by MARCUS MUSHONGA
HARARE, (CAJ News) – NEWLY-elected Zimbabwean president, Emmerson Mnangagwa (75), has been sworn in amid pomp and fanfare in an event attended by fellow African leaders in the capital Harare.
Mnangagwa’s inauguration came two days after the Constitutional Court upheld his election and rejected a petition by the main opposition Movement for Democratic Change (MDC-Alliance) to nullify his victory in the July 30 poll.
Chief Justice Luke Malaba, who earlier presided over the court petition by opposition leader, Nelson Chamisa, swore in Mnangagwa as the second-elected leader of the southern African country since attaining independence from Britain in 1980.
He officially succeeds Robert Mugabe, who was deposed in a coup last November as the factionalism within the ruling Zimbabwe African National Union (ZANU-PF) heightened. Canaan Banana was the first president but his role was only ceremonial.
Several dignitaries such as the African Union (AU) chairman Paul Kagame, Southern African Development Community (SADC) chairman Cyril Ramaphosa graced Mnangagwa’s inauguration.
Other leaders who attended included presidents Mokgweetsi Masisi (Botswana), Joseph Kabila (Democratic Republic of Congo President), Edgar Lungu (Zambia), Thomas Thabane (Lesotho prime minister), Joaquim Chissano (former Mozambique president) and Carlos Do Rossario, the prime minister of Mozambique and Jakaya Kikwete (former Tanzanian president).
Mugabe and Chamisa were conspicuous with their absence but the former president’s daughter, Bona and her husband, Simba Chikore, were among attendees that thronged the 60 000-seater National Sports Stadium.
Chamisa, whom Mugabe had endorsed on the eve of the election, on Saturday insisted he was the ultimate winner of the presidential poll disclosing he would take his disputed petition to the African Commission on Human and People’s Rights.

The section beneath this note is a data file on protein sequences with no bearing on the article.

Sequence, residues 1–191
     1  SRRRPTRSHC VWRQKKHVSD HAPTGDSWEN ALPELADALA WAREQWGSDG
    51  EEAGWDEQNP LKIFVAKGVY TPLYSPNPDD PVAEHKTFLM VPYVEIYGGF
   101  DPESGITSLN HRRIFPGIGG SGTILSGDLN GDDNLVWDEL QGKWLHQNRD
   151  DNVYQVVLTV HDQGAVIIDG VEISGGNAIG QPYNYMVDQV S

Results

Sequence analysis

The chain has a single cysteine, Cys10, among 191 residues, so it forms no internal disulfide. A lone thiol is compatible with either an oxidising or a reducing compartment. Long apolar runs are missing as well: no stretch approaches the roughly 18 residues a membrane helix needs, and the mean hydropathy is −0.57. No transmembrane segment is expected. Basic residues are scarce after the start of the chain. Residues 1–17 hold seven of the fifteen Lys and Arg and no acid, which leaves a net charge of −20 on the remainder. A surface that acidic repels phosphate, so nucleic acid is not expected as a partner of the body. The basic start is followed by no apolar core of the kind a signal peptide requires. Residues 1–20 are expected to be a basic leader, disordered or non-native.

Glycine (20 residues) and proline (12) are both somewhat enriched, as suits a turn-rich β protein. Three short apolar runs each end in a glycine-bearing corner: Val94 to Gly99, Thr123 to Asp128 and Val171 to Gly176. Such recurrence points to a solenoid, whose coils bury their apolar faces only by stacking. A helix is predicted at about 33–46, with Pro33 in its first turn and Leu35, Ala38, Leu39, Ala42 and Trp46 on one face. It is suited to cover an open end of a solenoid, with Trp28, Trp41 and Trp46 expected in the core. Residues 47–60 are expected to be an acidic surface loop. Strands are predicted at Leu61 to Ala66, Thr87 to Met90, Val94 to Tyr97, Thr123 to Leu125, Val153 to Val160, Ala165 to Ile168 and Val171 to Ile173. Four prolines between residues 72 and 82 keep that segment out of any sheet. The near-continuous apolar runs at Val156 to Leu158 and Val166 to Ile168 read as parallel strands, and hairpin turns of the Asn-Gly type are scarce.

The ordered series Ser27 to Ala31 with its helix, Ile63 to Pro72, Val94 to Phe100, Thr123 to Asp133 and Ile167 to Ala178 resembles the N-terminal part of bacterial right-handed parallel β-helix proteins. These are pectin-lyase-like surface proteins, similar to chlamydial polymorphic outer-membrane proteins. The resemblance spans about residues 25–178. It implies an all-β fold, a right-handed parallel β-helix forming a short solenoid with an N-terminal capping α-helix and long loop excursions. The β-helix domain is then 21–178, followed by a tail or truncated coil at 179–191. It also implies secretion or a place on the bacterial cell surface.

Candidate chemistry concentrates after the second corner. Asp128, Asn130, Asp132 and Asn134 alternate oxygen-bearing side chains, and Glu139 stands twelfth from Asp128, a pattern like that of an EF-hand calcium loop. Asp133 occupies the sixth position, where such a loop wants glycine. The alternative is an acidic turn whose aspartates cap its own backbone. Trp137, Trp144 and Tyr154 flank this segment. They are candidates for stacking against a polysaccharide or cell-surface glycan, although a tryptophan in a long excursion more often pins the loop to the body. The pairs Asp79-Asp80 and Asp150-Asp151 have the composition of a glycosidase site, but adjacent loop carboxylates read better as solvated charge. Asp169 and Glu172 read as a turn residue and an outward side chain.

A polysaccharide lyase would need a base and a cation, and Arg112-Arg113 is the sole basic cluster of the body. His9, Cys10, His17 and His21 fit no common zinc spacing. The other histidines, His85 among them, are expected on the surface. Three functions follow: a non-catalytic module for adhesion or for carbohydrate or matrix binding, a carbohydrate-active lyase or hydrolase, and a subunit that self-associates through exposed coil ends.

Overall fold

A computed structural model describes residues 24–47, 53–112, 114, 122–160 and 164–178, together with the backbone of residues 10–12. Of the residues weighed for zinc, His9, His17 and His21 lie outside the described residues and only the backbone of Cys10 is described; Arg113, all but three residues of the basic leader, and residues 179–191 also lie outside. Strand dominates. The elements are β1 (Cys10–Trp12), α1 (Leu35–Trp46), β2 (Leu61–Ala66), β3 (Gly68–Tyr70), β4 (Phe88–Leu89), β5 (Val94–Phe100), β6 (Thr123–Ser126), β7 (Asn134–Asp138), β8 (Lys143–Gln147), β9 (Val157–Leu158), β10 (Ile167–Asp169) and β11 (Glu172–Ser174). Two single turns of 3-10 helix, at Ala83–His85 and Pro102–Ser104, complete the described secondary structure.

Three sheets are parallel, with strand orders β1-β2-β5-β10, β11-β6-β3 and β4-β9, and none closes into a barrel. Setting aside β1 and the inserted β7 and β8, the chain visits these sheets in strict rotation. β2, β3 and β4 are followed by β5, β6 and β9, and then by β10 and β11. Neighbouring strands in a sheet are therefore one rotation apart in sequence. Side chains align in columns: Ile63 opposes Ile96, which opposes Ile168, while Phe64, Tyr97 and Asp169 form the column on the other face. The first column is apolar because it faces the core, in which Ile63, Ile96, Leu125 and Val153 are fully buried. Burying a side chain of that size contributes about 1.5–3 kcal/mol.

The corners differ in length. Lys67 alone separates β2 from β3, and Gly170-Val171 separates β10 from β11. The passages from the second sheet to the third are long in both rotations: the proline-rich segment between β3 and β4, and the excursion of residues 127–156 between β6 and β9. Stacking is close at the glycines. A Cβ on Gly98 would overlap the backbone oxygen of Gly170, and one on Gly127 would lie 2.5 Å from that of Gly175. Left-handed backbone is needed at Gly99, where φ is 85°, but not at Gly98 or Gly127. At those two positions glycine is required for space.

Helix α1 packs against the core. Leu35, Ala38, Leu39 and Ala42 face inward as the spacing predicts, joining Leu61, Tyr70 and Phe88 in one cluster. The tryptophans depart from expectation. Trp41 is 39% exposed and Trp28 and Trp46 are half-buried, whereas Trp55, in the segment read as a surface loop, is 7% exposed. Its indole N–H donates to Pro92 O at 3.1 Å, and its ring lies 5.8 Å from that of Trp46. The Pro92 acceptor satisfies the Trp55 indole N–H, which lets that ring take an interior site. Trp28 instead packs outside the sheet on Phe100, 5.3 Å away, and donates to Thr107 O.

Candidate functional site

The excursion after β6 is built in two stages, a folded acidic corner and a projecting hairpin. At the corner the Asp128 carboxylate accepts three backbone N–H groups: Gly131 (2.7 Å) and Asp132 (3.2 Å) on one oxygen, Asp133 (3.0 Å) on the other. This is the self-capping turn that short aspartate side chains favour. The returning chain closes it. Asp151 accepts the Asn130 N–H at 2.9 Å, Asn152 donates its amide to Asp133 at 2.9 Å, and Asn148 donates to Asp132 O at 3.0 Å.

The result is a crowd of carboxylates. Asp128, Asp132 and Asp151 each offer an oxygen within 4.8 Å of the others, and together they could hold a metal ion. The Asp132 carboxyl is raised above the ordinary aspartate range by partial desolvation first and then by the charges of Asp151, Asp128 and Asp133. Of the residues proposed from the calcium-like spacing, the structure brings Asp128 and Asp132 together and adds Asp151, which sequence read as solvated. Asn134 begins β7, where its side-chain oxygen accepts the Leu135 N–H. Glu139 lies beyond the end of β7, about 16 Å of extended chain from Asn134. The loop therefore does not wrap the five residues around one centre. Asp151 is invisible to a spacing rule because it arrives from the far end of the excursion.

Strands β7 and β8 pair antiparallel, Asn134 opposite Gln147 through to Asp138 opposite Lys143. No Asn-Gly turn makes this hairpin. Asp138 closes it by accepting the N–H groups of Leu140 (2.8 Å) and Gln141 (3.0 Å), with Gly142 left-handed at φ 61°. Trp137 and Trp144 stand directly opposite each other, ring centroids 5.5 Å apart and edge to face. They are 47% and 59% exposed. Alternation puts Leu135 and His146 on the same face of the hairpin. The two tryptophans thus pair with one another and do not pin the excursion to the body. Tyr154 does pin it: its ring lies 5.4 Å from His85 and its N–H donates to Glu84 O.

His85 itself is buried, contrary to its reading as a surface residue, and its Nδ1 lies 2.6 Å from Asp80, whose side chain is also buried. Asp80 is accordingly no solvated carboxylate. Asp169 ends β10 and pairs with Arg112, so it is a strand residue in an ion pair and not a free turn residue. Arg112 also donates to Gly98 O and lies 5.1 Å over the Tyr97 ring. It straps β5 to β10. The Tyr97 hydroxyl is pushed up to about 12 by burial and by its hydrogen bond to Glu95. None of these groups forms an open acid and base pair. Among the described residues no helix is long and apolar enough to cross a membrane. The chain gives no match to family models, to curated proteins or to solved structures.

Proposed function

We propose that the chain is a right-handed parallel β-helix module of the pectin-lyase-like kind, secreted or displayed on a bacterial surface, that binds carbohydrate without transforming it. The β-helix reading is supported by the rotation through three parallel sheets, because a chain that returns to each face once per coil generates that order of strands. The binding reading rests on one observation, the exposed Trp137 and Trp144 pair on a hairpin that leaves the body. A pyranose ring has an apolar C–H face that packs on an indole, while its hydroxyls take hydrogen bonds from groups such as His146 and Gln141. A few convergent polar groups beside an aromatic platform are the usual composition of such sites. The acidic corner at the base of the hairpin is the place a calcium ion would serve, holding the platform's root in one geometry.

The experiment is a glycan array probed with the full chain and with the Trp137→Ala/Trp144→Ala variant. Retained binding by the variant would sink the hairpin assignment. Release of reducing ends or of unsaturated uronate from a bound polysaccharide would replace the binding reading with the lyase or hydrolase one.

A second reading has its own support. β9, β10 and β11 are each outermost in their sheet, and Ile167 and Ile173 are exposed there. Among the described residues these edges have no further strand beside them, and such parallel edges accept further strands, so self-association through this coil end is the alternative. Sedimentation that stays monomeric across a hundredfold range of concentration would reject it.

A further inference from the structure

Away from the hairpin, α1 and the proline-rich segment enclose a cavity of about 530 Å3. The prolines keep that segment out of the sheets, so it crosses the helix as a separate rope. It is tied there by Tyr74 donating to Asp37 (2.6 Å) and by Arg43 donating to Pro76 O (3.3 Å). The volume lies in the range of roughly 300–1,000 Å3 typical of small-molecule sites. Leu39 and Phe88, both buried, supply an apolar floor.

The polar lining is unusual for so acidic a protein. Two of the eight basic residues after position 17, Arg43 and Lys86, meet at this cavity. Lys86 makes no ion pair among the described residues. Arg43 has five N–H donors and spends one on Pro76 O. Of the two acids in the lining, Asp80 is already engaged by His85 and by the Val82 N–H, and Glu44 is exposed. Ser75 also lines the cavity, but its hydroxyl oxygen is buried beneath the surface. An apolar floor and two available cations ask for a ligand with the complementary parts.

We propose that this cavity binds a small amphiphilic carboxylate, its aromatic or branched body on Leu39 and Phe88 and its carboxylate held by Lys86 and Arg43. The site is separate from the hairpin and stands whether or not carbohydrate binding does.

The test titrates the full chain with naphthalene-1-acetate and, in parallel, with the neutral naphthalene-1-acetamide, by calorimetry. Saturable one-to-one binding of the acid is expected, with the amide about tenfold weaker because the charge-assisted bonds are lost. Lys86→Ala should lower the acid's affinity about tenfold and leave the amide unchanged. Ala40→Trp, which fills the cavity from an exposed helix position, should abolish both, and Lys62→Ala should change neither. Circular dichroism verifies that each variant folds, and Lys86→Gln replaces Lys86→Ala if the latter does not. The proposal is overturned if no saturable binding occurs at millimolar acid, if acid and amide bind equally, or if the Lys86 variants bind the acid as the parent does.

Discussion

“I have legitimate claim that I am supposed to be leading the people of Zimbabwe. SADC and AU may come, but they will be simply endorsing an unacceptable outcome,” said Chamisa.
He justified his absence from the inauguration.
“You cannot steal my goats and then ask me to come and share them with you. Give me the goats first, then we can talk about sharing,” he said.
He further disapproved Mnangagwa’s election.
“We control over 90 percent of those who contribute the tax revenue (urban residents). Mnangagwa must understand the reality in this country. We have a disputed election, a legitimacy issue and a constitutional crisis around the elections in Zimbabwe,” Chamisa said.
Mnangagwa’s government faces a challenging task in reviving an economy that was a marvel for Africa at independence but was brought to its knees by decades of mismanagement and corruption by the administration of Mugabe.
Some sanctions imposed by some Western nations have worsened the crisis.
Former colonial master, Britain, this past weekend urged Mnangagwa to work with his political rivals to resuscitate the country.
The European Union, which had also slapped Zimbabwe with sanctions confirmed removing them while Mnangagwa pledged to work with opposition, all citizens of colour to resuscitate the country’s economy.
– CAJ News